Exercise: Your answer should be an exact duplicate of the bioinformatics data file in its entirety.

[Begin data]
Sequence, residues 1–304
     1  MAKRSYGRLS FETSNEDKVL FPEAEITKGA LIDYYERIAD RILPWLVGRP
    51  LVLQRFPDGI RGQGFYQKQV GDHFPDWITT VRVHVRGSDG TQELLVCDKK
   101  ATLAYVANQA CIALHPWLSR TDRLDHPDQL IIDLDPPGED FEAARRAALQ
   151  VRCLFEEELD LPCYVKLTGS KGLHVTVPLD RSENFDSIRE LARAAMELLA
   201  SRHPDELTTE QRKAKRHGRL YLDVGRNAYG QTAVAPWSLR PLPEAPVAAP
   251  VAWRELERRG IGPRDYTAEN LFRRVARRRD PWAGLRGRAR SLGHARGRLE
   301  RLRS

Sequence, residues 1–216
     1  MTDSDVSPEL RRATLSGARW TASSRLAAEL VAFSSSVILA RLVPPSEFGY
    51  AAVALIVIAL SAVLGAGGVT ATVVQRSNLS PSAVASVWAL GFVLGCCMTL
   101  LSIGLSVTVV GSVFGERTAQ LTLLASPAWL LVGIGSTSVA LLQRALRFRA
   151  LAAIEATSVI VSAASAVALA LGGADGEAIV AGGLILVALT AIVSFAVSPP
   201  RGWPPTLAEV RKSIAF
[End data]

Sequence, residues 1–304
     1  MAKRSYGRLS FETSNEDKVL FPEAEITKGA LIDYYERIAD RILPWLVGRP
    51  LVLQRFPDGI RGQGFYQKQV GDHFPDWITT VRVHVRGSDG TQELLVCDKK
   101  ATLAYVANQA CIALHPWLSR TDRLDHPDQL IIDLDPPGED FEAARRAALQ
   151  VRCLFEEELD LPCYVKLTGS KGLHVTVPLD RSENFDSIRE LARAAMELLA
   201  SRHPDELTTE QRKAKRHGRL YLDVGRNAYG QTAVAPWSLR PLPEAPVAAP
   251  VAWRELERRG IGPRDYTAEN LFRRVARRRD PWAGLRGRAR SLGHARGRLE
   301  RLRS

Sequence, residues 1–216
     1  MTDSDVSPEL RRATLSGARW TASSRLAAEL VAFSSSVILA RLVPPSEFGY
    51  AAVALIVIAL SAVLGAGGVT ATVVQRSNLS PSAVASVWAL GFVLGCCMTL
   101  LSIGLSVTVV GSVFGERTAQ LTLLASPAWL LVGIGSTSVA LLQRALRFRA
   151  LAAIEATSVI VSAASAVALA LGGADGEAIV AGGLILVALT AIVSFAVSPP
   201  RGWPPTLAEV RKSIAF